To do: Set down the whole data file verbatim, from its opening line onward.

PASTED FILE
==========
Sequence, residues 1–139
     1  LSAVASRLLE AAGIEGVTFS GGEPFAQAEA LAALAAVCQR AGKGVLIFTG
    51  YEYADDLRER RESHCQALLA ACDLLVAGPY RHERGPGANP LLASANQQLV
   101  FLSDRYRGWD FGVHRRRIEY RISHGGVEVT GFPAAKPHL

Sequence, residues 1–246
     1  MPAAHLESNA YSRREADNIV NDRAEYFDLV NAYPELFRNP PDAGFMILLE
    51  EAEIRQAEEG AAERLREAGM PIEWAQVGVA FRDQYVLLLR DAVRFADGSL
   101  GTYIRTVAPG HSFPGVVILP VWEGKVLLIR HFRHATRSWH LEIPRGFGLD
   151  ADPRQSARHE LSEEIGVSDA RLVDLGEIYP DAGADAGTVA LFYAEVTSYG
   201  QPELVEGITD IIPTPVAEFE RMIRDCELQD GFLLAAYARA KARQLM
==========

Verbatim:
Sequence, residues 1–139
     1  LSAVASRLLE AAGIEGVTFS GGEPFAQAEA LAALAAVCQR AGKGVLIFTG
    51  YEYADDLRER RESHCQALLA ACDLLVAGPY RHERGPGANP LLASANQQLV
   101  FLSDRYRGWD FGVHRRRIEY RISHGGVEVT GFPAAKPHL

Sequence, residues 1–246
     1  MPAAHLESNA YSRREADNIV NDRAEYFDLV NAYPELFRNP PDAGFMILLE
    51  EAEIRQAEEG AAERLREAGM PIEWAQVGVA FRDQYVLLLR DAVRFADGSL
   101  GTYIRTVAPG HSFPGVVILP VWEGKVLLIR HFRHATRSWH LEIPRGFGLD
   151  ADPRQSARHE LSEEIGVSDA RLVDLGEIYP DAGADAGTVA LFYAEVTSYG
   201  QPELVEGITD IIPTPVAEFE RMIRDCELQD GFLLAAYARA KARQLM